Chibi-Robo deserves my happy points
It was pouring down rain on Akihabara. The girls dressed as maids had an extra layer of transparent raincoat on, and I was happy to find that basically every shop carries cheap, plastic umbrellas for 500 yen. I was exhausted after a two-week trip around the country by rail, carrying a backpack roughly the size of a refrigerator. My back had a knot in it, I wasn’t sleeping well, and my constant nausea meant the only thing I could put in my stomach that night was a donut and a cup of tea from Mister Donut.
It was 2014, and most people near me couldn’t believe that I’d be traveling Japan alone. The idea seemed to come out of nowhere. I’d never traveled by myself before, it was a rare day that I wasn’t grappling with anxiety, and I’d spent most of my life as an extremely picky eater. I was a homebody, an introvert; hardly the worldly traveler. So what suddenly changed? Why did I make such an effort to see another country?
It was a video game. One that never saw release in North America.
Growing up, it wasn’t uncommon to see games come out in Japan that never made it to North American shores. It’s fortunately less of an issue today thanks to companies like Atlas, NIS, and Xseed who have allowed otherwise niche titles to make it to our hands. However, this wasn’t always the case. Doshin the Giant, Giftpia, Mother 3; there was so much kept out of grasp because I couldn’t understand the language.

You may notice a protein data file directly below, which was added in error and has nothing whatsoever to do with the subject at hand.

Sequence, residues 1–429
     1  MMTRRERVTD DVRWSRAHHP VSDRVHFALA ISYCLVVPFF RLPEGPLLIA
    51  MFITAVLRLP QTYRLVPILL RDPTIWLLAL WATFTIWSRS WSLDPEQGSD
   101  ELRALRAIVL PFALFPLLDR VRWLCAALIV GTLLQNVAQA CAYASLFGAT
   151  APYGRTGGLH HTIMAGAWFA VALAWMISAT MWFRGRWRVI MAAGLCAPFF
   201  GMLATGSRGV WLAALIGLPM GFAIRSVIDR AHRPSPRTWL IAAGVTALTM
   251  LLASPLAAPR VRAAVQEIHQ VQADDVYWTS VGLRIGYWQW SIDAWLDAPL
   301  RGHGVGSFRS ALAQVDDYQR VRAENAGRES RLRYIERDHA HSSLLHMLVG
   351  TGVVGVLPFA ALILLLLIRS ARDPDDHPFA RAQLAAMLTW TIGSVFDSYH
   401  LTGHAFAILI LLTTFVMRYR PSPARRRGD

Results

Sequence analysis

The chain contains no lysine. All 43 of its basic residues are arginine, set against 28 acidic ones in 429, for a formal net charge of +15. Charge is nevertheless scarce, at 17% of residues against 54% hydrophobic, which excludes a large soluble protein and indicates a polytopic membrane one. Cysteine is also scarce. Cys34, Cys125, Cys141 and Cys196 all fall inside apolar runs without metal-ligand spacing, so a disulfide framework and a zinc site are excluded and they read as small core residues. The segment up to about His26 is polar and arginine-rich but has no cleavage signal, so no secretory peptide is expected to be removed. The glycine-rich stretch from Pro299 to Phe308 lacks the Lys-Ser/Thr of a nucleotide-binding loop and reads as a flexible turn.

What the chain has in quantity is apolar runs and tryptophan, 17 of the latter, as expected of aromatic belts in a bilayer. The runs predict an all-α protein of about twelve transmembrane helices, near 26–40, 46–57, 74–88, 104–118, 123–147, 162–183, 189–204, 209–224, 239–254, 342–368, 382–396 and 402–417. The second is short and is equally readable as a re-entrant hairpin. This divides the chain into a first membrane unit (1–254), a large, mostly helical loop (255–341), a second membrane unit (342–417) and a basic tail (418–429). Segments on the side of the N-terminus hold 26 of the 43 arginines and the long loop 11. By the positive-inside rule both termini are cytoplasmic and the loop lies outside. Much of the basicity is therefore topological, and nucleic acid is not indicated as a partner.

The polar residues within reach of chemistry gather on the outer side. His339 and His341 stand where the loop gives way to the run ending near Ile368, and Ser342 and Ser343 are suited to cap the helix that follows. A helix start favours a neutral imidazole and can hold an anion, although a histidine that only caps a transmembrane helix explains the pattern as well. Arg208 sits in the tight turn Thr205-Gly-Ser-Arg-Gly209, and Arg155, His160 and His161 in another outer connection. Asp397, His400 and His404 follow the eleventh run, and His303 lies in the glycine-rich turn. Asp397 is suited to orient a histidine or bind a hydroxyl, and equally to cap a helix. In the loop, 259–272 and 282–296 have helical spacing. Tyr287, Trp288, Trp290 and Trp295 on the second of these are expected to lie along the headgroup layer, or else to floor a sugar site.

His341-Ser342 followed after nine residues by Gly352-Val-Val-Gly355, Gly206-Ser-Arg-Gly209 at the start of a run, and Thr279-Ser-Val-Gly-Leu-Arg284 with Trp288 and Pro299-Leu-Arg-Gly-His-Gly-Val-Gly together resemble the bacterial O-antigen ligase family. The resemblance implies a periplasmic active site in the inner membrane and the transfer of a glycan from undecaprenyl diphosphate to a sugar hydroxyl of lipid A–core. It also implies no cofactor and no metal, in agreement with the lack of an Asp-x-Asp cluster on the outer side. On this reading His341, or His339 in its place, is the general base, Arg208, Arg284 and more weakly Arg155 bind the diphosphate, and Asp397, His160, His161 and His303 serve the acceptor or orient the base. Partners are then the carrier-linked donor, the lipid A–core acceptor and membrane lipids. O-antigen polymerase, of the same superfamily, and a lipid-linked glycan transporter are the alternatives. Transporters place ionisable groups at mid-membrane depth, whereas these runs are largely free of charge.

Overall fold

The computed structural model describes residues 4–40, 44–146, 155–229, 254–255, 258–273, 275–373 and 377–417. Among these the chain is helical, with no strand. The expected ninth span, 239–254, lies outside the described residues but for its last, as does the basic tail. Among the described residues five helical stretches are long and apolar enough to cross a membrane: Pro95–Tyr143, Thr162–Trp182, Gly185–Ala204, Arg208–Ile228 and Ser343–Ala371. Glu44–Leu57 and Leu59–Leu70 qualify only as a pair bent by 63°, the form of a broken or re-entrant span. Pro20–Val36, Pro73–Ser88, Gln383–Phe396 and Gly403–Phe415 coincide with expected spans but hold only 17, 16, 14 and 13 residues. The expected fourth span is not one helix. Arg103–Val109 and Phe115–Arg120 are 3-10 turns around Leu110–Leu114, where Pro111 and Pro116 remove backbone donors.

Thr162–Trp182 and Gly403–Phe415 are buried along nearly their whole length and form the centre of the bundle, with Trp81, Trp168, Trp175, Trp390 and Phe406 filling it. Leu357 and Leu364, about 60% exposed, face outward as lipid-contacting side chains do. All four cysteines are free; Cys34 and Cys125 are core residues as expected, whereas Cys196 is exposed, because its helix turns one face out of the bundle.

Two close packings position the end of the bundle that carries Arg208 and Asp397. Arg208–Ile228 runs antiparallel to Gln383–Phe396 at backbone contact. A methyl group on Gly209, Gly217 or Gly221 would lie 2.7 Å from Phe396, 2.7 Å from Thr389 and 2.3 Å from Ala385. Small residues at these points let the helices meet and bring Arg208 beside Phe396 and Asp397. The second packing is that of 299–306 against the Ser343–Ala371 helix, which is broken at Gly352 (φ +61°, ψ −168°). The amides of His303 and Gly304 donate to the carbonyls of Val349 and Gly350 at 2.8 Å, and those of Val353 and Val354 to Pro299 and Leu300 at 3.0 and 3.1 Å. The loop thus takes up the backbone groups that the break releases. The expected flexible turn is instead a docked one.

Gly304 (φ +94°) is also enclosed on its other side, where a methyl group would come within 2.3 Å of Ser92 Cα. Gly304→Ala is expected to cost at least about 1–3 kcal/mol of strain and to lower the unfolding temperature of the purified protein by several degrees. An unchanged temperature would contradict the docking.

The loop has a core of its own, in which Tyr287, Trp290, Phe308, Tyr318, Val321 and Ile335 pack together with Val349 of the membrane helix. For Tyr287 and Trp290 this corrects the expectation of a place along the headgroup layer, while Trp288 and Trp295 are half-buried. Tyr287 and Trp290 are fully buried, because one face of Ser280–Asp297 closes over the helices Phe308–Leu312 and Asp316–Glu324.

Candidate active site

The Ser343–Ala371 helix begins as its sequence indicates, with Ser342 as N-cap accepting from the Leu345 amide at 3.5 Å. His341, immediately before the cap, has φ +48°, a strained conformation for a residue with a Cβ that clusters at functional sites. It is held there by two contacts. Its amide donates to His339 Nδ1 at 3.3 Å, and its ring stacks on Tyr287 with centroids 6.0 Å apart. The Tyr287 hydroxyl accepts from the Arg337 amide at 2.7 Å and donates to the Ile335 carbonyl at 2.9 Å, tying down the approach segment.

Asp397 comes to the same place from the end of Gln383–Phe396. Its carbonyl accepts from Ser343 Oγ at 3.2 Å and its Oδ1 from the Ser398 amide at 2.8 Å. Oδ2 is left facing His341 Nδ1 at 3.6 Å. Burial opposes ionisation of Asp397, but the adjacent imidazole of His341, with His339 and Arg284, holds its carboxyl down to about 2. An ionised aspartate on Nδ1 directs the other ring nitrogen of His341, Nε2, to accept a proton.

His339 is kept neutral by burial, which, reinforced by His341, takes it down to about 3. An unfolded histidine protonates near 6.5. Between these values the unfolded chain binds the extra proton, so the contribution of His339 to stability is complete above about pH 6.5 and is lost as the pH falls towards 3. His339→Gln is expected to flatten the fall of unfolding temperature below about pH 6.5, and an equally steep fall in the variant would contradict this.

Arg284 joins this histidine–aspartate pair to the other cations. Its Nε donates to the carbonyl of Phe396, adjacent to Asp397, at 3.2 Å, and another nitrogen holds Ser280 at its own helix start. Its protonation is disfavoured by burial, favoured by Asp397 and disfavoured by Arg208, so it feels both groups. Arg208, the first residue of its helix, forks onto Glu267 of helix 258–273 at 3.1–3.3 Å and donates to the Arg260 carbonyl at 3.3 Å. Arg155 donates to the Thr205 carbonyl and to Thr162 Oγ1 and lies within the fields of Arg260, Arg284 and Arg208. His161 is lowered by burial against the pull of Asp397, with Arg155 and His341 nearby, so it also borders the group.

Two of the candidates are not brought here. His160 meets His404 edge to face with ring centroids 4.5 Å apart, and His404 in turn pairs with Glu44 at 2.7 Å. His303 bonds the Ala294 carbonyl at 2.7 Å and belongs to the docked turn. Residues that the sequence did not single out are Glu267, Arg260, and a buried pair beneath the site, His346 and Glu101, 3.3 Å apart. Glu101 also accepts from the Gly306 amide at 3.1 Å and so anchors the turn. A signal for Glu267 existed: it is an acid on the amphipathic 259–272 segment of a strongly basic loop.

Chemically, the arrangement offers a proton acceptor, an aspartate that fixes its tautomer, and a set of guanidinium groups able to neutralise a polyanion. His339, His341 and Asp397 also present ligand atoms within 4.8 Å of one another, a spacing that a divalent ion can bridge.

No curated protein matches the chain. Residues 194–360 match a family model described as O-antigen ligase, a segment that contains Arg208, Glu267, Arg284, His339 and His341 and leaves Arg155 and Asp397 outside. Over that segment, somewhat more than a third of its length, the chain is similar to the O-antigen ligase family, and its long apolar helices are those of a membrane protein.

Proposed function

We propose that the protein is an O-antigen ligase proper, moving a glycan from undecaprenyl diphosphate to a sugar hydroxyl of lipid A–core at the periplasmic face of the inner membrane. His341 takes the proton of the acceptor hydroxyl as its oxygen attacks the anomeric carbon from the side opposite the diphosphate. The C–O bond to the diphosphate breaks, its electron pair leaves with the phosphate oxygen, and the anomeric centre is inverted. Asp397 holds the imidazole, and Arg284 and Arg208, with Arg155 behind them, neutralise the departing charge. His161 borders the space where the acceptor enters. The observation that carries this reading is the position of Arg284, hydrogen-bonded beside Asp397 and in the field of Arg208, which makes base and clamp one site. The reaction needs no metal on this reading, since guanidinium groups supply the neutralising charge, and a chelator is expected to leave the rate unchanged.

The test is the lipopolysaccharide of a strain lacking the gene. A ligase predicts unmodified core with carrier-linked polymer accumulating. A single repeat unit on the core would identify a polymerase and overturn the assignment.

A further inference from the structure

Okaeri! Chibi-Robo! Happy Richie Osoujii! on DS was the crack that broke the mother’s back. First released in Japan in 2009, I finally gave up hope that it would ever see release here in North America after the 3DS had supplanted the DS in 2011. Frustrated, I decided enough was enough. I gathered some study material and began my attempt at learning the language.
Video games were my only connection to Japanese culture at the time. As nerdy as I was, I hadn’t ventured too far into the realm of anime outside whitewashed cartoons like Pokemon and Robotech. I didn’t know that much about the country, so it wasn’t until I began my endeavor into learning the language that I started to discover more about the culture. And I quickly fell in love.
It started off innocently enough. I imported some Famicom games, got a subscription to Crunchyroll, and studied. Eventually I discovered Game Center CX, and that’s when things really took off. I watched Shinya Arino talk about the gaming days of yore, visit onsen and game centers, and eat strange snacks. Through studying, I found out about futons and tatami floors, vending machines on every corner, and a railway system that could take you anywhere. The bustling city streets, the omnipresent mountains, the quiet countryside. It was so familiar and comfortable, but completely flipped.
I wanted to go there almost immediately, but there were some barriers. You might expect that my anxiety or unfamiliarity with the language would be my first concerns, but no, it was my picky eating. I’m not sure I can accurately describe how picky I was, but it was legendary among my family. My tacos were meat and cheese, my sandwiches were turkey and mayo, and heaven help you if I see anything green on there. Looking back, I don’t know how I survived, but somehow I navigated cuisine to find the most basic foods possible.